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Republic Business Credit Corp. v. Camhe-Marcille

SUPERIOR COURT OF NEW JERSEY APPELLATE DIVISION


December 13, 2005

REPUBLIC BUSINESS CREDIT CORPORATION, PLAINTIFF,
v.
MONA CAMHE-MARCILLE, PAMELA CAMHE, RENEE POPKIN, AND ESTATE OF MORRIS CAMHE, DECEASED, DEFENDANT.
ESTATE OF MORRIS CAMHE, THIRD-PARTY PLAINTIFF,
v.
RICK CUCINOTTA, THIRD-PARTY DEFENDANT.
ESTATE OF MORRIS CAMHE, THIRD-PARTY PLAINTIFFRESPONDENT/CROSS-APPELLANT.
v.
NEAL COHEN, THIRD-PARTY DEFENDANTAPPELLANT/CROSS-RESPONDENT.

On appeal from the Superior Court of New Jersey, Chancery Division, Bergen County, C-73-00.

The opinion of the court was delivered by: Coburn, P.J.A.D.

NOT FOR PUBLICATION WITHOUT THE APPROVAL OF THE APPELLATE DIVISION

APPROVED FOR PUBLICATION

Argued November 9, 2005

Before Judges Coburn, Collester and Lisa

Morris Camhe, Neil Cohen and Rick Cucinotta were equal principals in two corporations and co-guarantors on $2,233,535.12 in notes the corporations had given to Republic Business Credit Corporation. After the corporations defaulted and Camhe died, Republic sued Camhe's estate on the deceased's guarantee and obtained a $900,000 settlement.*fn2 The estate then brought the present action against Cohen and Cucinotta for contribution, alleging that its payment exceeded Camhe's proportionate share of the debt. On the estate's motion, the trial court entered summary judgment requiring Cohen and Cucinotta to each pay the estate $300,000, or one-third of the settlement. Cohen and Cucinotta appealed, but Cucinotta did not perfect his appeal, and it was dismissed. The estate filed a cross-appeal contending that the co-guarantors were jointly and severally liable for $600,000.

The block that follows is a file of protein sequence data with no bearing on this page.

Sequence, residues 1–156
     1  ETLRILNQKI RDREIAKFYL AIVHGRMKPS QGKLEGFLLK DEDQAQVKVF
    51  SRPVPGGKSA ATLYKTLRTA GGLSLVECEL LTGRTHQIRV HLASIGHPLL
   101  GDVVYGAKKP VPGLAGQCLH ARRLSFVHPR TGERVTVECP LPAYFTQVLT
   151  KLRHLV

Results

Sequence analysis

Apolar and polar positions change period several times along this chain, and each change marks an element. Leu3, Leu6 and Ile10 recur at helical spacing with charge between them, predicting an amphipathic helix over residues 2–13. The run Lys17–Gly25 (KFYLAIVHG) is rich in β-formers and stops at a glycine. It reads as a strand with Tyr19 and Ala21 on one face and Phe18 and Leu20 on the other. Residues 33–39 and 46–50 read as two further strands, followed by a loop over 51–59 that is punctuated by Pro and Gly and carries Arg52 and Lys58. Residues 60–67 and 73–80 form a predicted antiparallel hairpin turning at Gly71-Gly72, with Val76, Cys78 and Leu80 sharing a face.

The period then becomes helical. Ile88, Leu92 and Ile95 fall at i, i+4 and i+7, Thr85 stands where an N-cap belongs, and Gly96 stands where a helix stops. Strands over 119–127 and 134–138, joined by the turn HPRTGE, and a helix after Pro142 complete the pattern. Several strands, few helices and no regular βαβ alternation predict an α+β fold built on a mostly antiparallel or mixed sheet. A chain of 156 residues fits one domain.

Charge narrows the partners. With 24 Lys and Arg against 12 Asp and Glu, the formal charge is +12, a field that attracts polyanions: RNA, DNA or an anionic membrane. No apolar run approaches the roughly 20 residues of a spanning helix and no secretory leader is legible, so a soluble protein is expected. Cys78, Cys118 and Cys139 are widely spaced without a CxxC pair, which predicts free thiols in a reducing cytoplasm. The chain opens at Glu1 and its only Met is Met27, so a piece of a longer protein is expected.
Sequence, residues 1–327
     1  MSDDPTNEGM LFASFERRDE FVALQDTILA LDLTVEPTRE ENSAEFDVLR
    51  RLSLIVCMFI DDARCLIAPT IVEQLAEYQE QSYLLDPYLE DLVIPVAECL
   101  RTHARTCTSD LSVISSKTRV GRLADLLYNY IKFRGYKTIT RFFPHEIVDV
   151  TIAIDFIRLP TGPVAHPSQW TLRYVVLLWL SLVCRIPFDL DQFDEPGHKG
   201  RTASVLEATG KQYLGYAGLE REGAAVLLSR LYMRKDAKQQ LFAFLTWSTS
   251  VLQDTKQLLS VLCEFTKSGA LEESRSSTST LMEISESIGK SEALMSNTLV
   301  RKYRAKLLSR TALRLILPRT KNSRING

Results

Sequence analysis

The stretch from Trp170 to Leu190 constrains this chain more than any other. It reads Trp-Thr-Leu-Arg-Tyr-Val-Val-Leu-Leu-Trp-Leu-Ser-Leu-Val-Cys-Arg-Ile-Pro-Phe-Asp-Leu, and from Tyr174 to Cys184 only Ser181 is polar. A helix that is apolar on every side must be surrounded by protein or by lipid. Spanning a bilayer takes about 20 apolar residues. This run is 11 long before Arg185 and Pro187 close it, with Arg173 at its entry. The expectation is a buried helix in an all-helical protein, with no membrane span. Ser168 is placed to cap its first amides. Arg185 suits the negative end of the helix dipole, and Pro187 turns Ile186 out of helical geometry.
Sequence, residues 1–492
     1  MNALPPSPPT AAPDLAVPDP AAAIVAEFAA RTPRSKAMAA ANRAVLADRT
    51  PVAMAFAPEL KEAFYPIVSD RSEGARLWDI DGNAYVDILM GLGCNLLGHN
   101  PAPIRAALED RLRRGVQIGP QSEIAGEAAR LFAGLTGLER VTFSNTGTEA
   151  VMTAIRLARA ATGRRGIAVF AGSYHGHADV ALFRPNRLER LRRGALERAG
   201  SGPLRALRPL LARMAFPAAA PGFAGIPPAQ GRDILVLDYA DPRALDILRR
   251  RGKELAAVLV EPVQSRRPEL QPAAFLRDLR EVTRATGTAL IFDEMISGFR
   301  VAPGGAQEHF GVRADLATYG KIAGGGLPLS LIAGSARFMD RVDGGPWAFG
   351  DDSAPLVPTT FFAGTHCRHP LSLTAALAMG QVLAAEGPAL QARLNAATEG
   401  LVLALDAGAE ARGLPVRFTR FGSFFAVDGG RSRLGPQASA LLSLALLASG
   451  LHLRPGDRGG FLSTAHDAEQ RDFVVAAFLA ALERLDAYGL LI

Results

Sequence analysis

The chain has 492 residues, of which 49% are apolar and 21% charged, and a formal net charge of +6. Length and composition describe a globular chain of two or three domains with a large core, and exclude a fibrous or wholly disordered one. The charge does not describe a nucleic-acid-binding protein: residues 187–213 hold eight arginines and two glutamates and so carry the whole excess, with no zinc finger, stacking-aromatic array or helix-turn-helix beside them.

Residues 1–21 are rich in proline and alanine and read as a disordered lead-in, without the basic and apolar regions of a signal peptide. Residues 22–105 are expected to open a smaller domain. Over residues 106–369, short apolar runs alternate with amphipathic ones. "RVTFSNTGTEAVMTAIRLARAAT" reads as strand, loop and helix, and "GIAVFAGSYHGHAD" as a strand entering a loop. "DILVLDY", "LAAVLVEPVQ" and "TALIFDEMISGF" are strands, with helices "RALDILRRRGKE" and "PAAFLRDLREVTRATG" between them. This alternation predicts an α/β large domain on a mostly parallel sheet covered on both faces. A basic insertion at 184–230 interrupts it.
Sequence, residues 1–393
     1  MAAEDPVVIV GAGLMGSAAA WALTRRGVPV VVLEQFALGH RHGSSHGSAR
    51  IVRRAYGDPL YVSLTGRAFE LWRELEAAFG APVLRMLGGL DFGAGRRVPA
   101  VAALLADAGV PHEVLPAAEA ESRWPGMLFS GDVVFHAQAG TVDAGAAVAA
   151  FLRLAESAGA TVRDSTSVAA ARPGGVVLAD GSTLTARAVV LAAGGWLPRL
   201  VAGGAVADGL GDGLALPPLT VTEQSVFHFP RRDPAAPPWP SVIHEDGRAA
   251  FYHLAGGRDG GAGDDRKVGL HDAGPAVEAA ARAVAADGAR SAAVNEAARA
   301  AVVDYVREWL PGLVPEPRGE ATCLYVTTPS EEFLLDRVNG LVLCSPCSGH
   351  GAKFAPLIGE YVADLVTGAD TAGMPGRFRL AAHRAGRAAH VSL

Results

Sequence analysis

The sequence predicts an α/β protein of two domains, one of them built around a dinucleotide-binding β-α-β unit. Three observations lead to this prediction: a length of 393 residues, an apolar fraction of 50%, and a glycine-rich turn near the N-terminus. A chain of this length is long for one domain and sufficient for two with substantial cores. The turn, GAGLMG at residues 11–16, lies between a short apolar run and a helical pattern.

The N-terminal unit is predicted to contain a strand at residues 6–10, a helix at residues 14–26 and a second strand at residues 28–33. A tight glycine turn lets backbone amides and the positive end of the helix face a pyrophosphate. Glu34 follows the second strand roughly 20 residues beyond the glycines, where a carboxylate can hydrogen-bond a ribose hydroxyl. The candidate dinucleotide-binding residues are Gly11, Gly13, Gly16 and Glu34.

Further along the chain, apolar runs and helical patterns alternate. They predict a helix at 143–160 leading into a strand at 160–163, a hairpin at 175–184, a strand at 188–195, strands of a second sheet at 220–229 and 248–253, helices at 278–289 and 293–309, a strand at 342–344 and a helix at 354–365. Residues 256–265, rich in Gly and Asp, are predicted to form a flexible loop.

Two basic principles govern this case: (1) when one coobligor pays more than his or her proportionate share of the common liability, he or she is entitled to contribution from the other co-obligors for the excess payment; and (2) each coobligor is responsible to the other co-obligors for his or her proportionate share of the excess payment. Although the trial court correctly refused the estate's request to impose joint and several liability against the co-obligors, it disregarded the first principle by basing the liability of the co-obligors solely on the settlement amount. For that reason and because of factual disputes regarding the amount of interest due on the corporate debt, we reverse and remand for further proceedings consistent with this opinion.

I.

Camhe, Cohen, and Cucinotta were shareholders in XTRMZ, Ltd., a New York corporation that made and sold dresses. Camhe was responsible for financial matters, and Cohen and Cucinotta ran the day-to-day operations. In 1993, they formed another New York corporation, Impulsive, Inc., which also sold dresses. The three men owned equal shares in the two corporations. Two other shareholders in Impulsive ran its day-to-day operations until 1998, when they left and the company ceased business. XTRMZ was liable for a large portion of Impulsive's debt, and its efforts to pay that debt, combined with a general decline in business, forced XTRMZ into involuntary bankruptcy in April 1999.

Republic Business Credit Corporation provided accounts-receivable financing to both corporations, and Camhe, Cucinotta, and Cohen signed substantially identical guarantees of three corporate notes totaling $2,233,535.12 plus interest at a fluctuating rate of two percent per year above Republic's "Reference Rate." The notes also made the endorsers jointly and severally liable for the debt and for all costs of collection incurred by Republic and provided that their enforcement would be governed by the law of New York. The relevant portion of Section 8 of the guarantees contains this provision limiting the rights of guarantors to seek contribution: